Wu, Justin; Antaris, Alexander; Choi, Charina L; Xie, Liming; Wu, Yingpeng; Diao, Shuo; Chen, Changxin; Chen, Yongsheng; Dai, Hongjie

2013-01-01

432

Palladium Nanoparticles Decorated Single-Walled Carbon Nanotube Hydrogen Sensor Syed Mubeen, Ting Zhang, Bongyoung Yoo, Marc A. Deshusses,* and Nosang V. Myung*  

E-print Network

Palladium Nanoparticles Decorated Single-Walled Carbon Nanotube Hydrogen Sensor Syed Mubeen, Ting-effective fabrication technique to construct a hydrogen nanosensor by decorating single-walled carbon nanotubes with Pd or semiconductive, depending on their helicity.12 Further, since all carbon atoms in a single-walled carbon nanotube

433

Theoretical investigation on carbon nucleation on nickel carbides at initial stages of single-walled carbon nanotube formation.  

PubMed

It is a long-standing controversy whether metal carbide clusters do exist during the nucleation and growth process of single-walled carbon nanotubes (SWCNTs). In the current work, we are trying to elucidate the carbon nucleation on nickel carbides during the initial stages based on density functional theory calculated formation energy and chemical potential for a series of Ni55Cn carbides (n is the number of carbon atoms dissolved in the Ni55 cluster). It is found that the formation energies of the Ni55Cn carbides decrease gradually with an increase of dissolved carbon atomic numbers, meaning the Ni55Cn carbides are thermodynamically stable. Meanwhile, the calculated chemical potentials indicate that not only nickel carbides are preferentially formed during the initial stage of the SWCNT nucleation, but also saturated nickel carbides may be able to exist during the nucleation and growth process of SWCNTs. In addition, the nickel carbides have a high selectivity for the formation of the carbon pentagon and carbon structures with pentagon-incorporated end-edge according to the adsorption energies. All of these findings provide opportunities in controlling the growth of the SWCNTs. PMID:25111778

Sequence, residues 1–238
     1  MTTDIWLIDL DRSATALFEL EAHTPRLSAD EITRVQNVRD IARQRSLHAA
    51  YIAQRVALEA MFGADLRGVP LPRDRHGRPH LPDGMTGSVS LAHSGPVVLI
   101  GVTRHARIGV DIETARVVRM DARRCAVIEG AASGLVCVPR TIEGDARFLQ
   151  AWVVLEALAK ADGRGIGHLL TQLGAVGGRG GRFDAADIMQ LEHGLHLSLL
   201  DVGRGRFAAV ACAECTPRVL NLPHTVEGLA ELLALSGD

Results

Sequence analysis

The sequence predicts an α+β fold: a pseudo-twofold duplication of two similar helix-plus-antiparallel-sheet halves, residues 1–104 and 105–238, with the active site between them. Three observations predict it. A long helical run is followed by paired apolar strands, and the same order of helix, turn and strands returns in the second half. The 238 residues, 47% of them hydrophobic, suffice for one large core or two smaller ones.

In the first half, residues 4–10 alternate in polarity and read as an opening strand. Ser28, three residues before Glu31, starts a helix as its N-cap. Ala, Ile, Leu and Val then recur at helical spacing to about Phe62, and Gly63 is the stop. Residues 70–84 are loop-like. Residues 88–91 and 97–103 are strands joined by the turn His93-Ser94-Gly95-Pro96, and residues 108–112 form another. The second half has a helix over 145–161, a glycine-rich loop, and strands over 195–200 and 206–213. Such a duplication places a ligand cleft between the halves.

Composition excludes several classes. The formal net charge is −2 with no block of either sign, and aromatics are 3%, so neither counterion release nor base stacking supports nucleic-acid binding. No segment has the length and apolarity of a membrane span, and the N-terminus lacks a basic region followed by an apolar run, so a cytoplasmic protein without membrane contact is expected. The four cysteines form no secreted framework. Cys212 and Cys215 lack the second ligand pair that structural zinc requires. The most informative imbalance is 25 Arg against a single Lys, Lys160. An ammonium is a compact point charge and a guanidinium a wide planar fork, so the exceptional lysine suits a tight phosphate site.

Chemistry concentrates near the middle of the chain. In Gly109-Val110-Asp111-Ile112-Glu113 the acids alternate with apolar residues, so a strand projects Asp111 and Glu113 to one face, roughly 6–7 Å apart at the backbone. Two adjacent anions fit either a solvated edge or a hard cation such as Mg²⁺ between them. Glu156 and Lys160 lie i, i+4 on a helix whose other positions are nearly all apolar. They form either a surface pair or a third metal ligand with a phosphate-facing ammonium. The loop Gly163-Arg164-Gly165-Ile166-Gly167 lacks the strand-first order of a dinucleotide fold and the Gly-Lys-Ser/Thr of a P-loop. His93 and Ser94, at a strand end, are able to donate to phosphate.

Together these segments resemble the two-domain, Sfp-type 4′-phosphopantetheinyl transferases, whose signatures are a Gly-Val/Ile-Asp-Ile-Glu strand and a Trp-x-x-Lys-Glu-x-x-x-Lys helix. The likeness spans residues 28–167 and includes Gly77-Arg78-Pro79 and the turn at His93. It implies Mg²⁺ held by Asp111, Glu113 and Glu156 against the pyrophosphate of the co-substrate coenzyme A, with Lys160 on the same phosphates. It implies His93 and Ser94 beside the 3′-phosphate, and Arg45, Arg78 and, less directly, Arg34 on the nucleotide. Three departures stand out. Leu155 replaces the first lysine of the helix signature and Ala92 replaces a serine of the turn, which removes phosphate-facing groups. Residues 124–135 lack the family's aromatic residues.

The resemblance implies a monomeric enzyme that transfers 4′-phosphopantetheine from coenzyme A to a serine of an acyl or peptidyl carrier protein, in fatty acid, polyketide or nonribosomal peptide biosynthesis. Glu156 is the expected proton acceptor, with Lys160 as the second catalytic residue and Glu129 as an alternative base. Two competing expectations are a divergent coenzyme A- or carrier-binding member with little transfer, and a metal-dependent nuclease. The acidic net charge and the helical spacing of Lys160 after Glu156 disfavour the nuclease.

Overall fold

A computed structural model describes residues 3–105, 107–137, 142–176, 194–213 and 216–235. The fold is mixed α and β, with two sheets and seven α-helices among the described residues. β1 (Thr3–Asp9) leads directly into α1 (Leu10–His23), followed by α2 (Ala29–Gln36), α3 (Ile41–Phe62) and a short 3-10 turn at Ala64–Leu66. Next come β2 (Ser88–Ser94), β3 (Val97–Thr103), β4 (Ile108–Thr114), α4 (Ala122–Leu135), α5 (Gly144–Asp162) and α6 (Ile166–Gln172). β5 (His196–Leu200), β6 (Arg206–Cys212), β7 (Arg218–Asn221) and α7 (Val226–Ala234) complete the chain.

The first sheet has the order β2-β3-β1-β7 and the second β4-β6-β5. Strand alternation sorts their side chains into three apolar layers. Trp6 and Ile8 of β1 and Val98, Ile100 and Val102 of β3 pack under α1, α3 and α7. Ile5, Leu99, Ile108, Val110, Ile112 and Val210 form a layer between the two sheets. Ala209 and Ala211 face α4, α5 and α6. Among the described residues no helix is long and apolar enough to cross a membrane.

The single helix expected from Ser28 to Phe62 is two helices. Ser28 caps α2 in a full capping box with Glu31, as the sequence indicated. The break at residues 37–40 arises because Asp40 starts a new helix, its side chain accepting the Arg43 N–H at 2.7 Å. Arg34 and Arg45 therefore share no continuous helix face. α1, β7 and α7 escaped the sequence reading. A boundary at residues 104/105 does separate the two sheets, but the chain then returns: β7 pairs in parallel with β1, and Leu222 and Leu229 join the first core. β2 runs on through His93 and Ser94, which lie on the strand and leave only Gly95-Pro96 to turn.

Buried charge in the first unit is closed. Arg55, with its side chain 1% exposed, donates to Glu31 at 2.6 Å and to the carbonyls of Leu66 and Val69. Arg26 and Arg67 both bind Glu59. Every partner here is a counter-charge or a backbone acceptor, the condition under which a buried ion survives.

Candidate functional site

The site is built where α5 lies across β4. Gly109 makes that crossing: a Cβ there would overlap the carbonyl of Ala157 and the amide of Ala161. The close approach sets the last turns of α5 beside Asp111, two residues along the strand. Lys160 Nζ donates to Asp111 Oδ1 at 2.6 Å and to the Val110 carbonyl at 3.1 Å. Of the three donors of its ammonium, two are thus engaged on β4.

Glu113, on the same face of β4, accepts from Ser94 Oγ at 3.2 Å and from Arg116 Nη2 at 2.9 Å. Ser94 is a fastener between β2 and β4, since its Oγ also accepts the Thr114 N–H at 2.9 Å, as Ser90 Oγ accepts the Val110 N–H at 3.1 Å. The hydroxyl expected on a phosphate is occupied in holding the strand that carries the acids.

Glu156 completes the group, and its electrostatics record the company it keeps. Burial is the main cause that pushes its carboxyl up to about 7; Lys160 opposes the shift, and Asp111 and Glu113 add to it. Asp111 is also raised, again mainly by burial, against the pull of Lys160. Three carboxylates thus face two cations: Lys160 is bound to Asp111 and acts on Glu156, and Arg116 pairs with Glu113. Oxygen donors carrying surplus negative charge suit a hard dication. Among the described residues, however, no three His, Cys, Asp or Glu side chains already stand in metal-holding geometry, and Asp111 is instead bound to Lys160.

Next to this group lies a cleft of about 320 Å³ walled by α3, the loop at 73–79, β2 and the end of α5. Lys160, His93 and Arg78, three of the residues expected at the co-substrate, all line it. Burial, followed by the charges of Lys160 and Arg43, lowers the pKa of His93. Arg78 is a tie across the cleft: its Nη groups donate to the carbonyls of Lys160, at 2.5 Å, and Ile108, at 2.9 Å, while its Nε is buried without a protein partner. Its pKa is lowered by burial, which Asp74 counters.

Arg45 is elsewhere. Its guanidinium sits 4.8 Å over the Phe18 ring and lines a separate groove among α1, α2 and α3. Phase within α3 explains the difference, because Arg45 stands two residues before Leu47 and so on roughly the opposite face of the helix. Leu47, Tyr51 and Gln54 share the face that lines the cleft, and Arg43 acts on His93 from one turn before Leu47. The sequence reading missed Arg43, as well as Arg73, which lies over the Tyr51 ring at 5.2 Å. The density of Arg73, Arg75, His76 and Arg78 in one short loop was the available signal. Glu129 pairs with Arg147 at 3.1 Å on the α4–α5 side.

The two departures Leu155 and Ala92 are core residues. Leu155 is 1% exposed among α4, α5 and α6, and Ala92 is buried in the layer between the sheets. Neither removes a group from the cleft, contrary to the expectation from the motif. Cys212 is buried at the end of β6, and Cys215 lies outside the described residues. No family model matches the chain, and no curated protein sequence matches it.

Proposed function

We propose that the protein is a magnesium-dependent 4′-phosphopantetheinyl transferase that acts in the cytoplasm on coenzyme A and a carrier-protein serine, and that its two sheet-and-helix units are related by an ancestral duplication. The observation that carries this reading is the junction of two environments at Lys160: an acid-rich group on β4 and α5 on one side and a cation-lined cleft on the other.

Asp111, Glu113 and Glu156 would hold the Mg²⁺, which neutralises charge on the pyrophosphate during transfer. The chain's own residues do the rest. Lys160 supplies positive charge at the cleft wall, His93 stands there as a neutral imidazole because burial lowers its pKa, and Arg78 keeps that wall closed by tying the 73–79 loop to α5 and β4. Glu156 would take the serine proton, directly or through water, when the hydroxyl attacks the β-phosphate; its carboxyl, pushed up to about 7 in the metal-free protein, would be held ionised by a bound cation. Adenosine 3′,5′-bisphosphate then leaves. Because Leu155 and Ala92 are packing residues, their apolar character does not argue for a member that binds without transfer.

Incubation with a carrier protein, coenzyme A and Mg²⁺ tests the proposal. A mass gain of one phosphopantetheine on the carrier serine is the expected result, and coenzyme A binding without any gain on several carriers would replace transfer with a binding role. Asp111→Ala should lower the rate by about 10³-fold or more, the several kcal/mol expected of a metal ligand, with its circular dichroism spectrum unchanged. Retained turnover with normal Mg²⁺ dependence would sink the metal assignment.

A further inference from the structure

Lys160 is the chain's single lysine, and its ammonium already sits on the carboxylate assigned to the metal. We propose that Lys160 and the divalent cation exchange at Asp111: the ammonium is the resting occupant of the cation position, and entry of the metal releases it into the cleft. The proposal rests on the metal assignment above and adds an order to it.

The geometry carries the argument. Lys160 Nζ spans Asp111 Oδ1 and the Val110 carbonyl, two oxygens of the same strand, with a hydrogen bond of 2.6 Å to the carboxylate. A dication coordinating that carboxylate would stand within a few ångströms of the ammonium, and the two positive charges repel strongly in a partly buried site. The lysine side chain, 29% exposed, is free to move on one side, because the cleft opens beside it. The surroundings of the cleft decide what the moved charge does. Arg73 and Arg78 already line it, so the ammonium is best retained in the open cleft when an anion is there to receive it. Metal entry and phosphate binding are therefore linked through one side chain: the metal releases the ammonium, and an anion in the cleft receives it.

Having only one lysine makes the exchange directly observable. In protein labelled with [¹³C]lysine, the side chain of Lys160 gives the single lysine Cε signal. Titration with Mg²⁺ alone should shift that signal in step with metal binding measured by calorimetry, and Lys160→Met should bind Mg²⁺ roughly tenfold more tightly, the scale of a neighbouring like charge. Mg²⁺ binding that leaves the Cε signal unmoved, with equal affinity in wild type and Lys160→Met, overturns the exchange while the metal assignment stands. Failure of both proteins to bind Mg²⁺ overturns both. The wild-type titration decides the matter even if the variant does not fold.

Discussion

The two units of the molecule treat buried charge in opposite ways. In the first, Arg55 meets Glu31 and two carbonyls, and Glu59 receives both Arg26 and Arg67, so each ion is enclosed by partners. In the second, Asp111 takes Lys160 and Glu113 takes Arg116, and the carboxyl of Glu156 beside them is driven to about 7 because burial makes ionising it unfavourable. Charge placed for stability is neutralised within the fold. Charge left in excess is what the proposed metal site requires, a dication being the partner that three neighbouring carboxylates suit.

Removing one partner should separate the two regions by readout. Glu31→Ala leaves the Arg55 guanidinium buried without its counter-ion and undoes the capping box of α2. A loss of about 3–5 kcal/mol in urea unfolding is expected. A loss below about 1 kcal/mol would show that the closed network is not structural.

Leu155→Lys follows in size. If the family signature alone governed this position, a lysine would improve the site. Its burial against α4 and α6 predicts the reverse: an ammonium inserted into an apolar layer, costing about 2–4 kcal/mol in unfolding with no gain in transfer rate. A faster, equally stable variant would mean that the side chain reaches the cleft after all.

Yang, Zhimin; Wang, Qiang; Shan, Xiaoye; Yang, Shuo-Wang; Zhu, Hongjun

2014-09-28

434

Immobilizing Shortened Single-Walled Carbon Nanotubes (SWNTs) on Gold Using a Surface Condensation Method  

Microsoft Academic Search

We propose a surface condensation method for assembling single-walled carbon nanotubes (SWNTs) on gold. The as-prepared long and randomly tangled SWNTs were cut into short pipes by chemical oxidation, allowing the nanotubes to be terminated by carboxyl functionalities. A surface condensation reaction was then performed by immersing an amino self-assembled monolayer (SAM)-modified gold substrate into the dimethylformamide suspension of carboxylic

Xiaolin Nan; Zhennan Gu; Zhongfan Liu

2002-01-01

435

Molecular Ordering of Organic Molten Salts Triggered by Single-Walled Carbon Nanotubes  

Microsoft Academic Search

When mixed with imidazolium ion-based room-temperature ionic liquid, pristine single-walled carbon nanotubes formed gels after being ground. The heavily entangled nanotube bundles were found to untangle within the gel to form much finer bundles. Phase transition and rheological properties suggest that the gels are formed by physical cross-linking of the nanotube bundles, mediated by local molecular ordering of the ionic